Does fizzing mean fermenting?

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cavino

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Hello. First timer here. I am using the wine eclipse kit with grape skins. 6 gallons in 8 gallon plastic bucket with lid and airlock from Master Vinter. I see mixed advice for covered v. uncovered but decided to airlock it for my first go.

Followed directions to a T I believe. Pitched the yeast in must at 72*F and starting SG of 1.080. It was foaming for a couple days but 72 hours after pitching yeast, the wine stopped foaming but is fizzing. I have it in my basement where it is consistently 65-68*F room temp. I measured the SG at 1.040 and temperature was at 74*F so that’s a positive sign. I open it twice a day, stirring gently one time. My question is, even though it isn’t no longer foaming but fizzing, is it still fermenting? Should I just let it be and check SG and temp in a few days? Thanks!
 

Ajmassa

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Congrats on your 1st go!
Lid on/lid off- it doesn’t matter. Check SG every day! As long as that SG is dropping then you good. Whether foaming/fizzing etc etc.
Forget the instruction’s amount of days timeline tho. Always go by the hydrometer. Once it stops dropping you’re dry. Will be anywhere between 1.000 - 1.090.
And one other tip- if it’s a dry red and you aren’t sweetening it up later then skip the potassium sorbate addition. Unnecessary in dry wines and sometimes can give a weird taste.

Good luck
 

stickman

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I assume you mean .990 for the low end of gravity when done.
 

cavino

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Good advice. I’ll trust the hydrometer then. Thanks for the tip!
 

G259

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If you have an 8 gallon bucket with 6 gallons of must, I think that you have all the oxygen required for the fermentation. However, a towel over it for the first few days allows you to stir it easier. After 5-7 days, I like to rack mine to glass.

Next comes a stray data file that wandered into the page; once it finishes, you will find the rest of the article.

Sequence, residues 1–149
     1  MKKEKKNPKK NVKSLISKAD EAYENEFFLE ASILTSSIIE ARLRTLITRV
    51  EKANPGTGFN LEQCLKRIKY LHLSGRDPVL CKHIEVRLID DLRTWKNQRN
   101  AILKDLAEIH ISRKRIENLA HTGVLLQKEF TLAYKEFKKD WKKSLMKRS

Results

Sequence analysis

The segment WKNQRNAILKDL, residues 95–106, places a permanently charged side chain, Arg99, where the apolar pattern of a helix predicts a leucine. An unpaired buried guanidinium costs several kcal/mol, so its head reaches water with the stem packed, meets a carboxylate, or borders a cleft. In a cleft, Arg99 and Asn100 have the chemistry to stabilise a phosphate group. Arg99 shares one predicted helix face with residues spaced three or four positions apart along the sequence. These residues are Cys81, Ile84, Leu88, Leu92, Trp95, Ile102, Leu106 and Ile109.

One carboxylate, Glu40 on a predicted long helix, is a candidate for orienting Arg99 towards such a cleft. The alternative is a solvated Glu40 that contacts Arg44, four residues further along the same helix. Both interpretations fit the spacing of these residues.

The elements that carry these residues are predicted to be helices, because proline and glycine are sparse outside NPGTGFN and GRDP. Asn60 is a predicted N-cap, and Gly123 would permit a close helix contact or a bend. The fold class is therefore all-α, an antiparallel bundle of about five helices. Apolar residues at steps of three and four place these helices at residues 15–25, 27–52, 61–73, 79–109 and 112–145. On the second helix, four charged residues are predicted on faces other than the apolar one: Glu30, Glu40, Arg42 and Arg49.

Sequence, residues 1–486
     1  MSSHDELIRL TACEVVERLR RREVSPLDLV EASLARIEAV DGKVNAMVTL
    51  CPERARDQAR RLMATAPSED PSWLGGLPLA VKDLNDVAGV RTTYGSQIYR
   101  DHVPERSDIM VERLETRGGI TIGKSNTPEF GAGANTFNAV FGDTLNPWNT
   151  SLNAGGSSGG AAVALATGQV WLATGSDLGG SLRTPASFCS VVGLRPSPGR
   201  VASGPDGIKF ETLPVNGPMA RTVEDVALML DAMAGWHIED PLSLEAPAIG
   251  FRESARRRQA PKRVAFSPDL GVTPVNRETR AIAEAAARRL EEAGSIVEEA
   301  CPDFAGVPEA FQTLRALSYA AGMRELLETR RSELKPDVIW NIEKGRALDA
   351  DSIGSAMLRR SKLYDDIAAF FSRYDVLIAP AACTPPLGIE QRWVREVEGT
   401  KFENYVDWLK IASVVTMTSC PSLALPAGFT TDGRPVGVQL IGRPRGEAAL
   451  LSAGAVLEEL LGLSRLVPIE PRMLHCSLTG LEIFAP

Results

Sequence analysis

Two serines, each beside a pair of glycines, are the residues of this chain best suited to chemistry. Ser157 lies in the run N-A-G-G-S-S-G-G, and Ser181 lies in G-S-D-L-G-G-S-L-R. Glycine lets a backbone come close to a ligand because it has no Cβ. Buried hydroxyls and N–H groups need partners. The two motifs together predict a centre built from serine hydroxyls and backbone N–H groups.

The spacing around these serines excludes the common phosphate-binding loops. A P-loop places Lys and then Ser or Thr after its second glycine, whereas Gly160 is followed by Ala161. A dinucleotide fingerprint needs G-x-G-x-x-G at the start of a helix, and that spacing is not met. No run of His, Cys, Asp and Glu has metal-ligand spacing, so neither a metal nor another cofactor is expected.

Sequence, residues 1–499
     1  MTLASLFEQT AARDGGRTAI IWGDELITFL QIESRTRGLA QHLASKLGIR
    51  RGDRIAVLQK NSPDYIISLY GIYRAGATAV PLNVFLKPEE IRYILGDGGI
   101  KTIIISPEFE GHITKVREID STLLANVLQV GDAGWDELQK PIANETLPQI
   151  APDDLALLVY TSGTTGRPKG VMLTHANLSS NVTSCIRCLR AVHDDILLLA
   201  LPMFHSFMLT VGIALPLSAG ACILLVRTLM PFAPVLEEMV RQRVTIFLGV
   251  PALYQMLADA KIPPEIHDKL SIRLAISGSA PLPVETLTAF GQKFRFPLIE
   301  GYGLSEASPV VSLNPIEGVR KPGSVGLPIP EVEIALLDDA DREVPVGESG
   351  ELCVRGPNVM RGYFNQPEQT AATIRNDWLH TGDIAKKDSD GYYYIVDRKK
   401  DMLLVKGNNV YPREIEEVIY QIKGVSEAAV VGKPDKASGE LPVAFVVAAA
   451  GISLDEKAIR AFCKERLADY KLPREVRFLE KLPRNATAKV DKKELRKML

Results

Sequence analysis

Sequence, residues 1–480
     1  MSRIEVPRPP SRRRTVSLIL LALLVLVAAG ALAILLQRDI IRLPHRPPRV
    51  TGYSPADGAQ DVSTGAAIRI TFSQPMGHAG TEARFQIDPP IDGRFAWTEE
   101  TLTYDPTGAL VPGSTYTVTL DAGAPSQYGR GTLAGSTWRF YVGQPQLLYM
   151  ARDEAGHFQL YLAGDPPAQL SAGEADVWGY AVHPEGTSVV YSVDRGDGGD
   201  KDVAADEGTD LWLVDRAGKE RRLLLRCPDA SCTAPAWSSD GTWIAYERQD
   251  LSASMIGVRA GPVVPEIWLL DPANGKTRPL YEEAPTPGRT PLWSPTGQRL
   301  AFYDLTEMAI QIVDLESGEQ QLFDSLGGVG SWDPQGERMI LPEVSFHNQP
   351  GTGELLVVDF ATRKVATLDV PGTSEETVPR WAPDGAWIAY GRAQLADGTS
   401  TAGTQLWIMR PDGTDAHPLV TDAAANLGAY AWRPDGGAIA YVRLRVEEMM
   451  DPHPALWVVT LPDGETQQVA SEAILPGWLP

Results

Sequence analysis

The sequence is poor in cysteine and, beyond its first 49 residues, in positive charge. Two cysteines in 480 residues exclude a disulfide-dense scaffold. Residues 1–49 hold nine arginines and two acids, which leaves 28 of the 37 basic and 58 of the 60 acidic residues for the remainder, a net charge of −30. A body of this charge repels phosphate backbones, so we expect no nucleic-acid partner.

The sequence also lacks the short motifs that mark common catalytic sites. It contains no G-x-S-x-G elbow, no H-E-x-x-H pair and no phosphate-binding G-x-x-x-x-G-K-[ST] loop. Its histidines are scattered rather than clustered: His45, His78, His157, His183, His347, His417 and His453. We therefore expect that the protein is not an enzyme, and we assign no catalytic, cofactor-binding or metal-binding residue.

Scooter68

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I doubt that anyone uses a completely "Uncovered" approach to fermentation.
The differences you seem to be confused about is whether or not to use the plastic lid. MANY do not use it and instead cover the container with a towel instead of the lid. Others lay the lid on loosely and cover that with a towel.

The biggest fallacy we see is people thinking their wine is not fermenting because they see no bubbling in their airlock on a plastic bucket lid. The reason they don't is that those lids rarely seal that well. The way to prove that, if you have an ongoing fermentation - Wet down the seal well with water then snap the lid on and set your airlock in place. In a few minutes the airlock will start to bubble - for a few hours until the water on that seal dries out. Then the bubbling will stop again.

Note also that snapping that lid on and off is a royal pain so that is one more reason NOT to even use it OR at most just lay it on top and put a towel over it. Remember you want to keep fruit flies, dust, pets and most of all, bacteria from getting into that fermenting wine must. That's why a towel tied down with a cord, string, rubber band etc is the best and easiest way to go - IMHO.
 

Rocky

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Cavino, When did you take your reading of the initial SG? The reason I am asking is 1.080 is somewhat low for that kit. You did not identify the grape variety, but since it has skins, it has to be a red. If you can ferment that wine to dry (e.g. SG 0.992) the ABV will about 11.5% which is low for a bold red. If you took the reading just after adding the grape skins, the low reading could be because the skins had not had the time to add additional sugar, raising the SG. I have made a number of the WinExpert Eclipse kits and I have never had an ISG of less than 1.090.